The Arrival is a slow burn on a really long wick. It’s not that the movie has a long run-time, it just stretches out its scenes and takes its time telling the story to the point that audiences will probably yawn once or twice even if they’re interested. With that said, there will come a moment in the last fifteen minutes of so when the film turns much of what it presented on its head and introduces a new mechanic into the story that changes how the audience understands what they’ve just watched. It’s a decent twist that will have moviegoers thinking as they leave the theater, but it’s very disappointing that the film had to cheat to pull it off.

The film focuses on expert linguist Dr. Louise Banks (Amy Adams) and details two life changing events that she experiences. First, the birth and eventual loss of her child as a teenager. Second, the arrival of extra-terrestrials. The majority of the film covers the latter. When the aliens arrive, they land in twelve different areas around the world. In the United States, they land in Montana, and Colonel Weber (Forest Whitaker) is dispatched to bring Loise to the site so that she can translate the aliens’ language. She’s paired with scientist Ian Donnelly (Jeremy Renner) and a large staff of researchers and soldiers to achieve this goal. Unfortunately, other teams around the world are also working to translate the alien language and not everyone has the same interpretation. When another nation senses a threat, they begin taking military action against the visitors, effectively creating a countdown timer for Louise to stop all-out war.

From its languid presentation and drawn out procedural scenes, The Arrival feels less like a big Hollywood movie and more like an intimate independent film. It takes a while for the film to really get going, especially with its seemingly unrelated introduction showcasing Louise’s life with her daughter. And even when Louise is finally doing the job the military picked her for, a lot of time is spent world-building, showing viewers details about the forward operating base next to the alien craft, like the on-site doctor who explains the injections that Louise is receiving. These extraneous moments aren’t necessarily unwanted, but they do extend the movie unnecessarily, which seems to be a creative goal for the film. For instance, it takes several sessions before there’s any kind of breakthrough moment. While that’s typically fine for a movie that doesn’t want to rush the story, there is a wearisome repetition in how this is presented, forcing audiences to watch everyone get suited up over and over again. This lasting attention to detail can be exhausting for audiences that weren’t expecting it.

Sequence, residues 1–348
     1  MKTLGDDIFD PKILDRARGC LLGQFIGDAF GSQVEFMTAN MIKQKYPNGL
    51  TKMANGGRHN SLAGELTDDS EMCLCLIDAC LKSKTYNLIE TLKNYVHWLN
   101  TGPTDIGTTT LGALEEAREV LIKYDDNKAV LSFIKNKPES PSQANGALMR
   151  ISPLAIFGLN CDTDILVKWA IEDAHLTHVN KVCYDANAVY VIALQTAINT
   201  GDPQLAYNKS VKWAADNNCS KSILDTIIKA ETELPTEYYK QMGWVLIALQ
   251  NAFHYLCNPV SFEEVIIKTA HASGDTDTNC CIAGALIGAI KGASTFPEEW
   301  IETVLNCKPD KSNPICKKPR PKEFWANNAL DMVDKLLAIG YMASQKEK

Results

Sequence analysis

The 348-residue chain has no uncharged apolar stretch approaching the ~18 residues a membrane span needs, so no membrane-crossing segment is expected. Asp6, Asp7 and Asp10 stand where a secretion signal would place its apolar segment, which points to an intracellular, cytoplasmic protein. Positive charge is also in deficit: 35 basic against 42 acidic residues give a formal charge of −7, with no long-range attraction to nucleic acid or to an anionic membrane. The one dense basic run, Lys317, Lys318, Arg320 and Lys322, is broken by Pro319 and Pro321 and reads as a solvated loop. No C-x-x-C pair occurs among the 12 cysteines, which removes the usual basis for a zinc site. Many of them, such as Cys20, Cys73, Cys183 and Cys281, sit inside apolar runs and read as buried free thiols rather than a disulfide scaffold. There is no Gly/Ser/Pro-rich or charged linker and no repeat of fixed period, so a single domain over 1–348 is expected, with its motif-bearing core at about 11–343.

On the other hand, the direction also made The Arrival feel more believable because of its attention to the cinematically minute. In other “alien visitor” films, the temptation would be to whip the camera around the planet to see expected events, like press conferences, military mobilization, and civil unrest. And while audiences do get to see that here to an extent, it’s presented in a much more ordinary way to the characters on-screen; they get it through the radio, television, and the internet. Certainly, at times this method makes the film seem cheap, telling us what’s happening, rather than showing us, but it also adds an amount of authenticity that can’t be denied.

There are some political overtones that I normally wouldn’t bother calling out if it were not for the current climate of recent events. The US military gets a blackeye, which is par for the course for anything not directed by Michael Bay. Conservative talk radio also takes a hit as it foments doubt and urges a show of strength against the ostensibly peaceful visitors. Even China is cast as a villain, which is surprising since most films will do whatever it takes to get their films in the Chinese market. Still, these moments pass fairly quickly, and these villains are the most convenient given the constraints of the story.

The most intriguing part about The Arrival is its twist ending. Personally, I enjoy smart twists, especially ones that add extra or new meaning to events I just watched. In this film, however, while the twist is certainly interesting, it brings with it too many questions. Without spoiling anything, the main question I had after the film was, “If you had this power, then why did certain things happen the way they did?” The follow-up thought I had was that I totally would have spotted the twist earlier if the film had just dealt fairly with me. As it is, the movie strains credibility by purposefully misrepresenting what I’m seeing in order to make the twist ending work. Unfortunately, if you twist a story too far, then it will rip. The Arrival does that if you spend just a little time digesting the film, which is exactly what the movie wants you to do, ironically.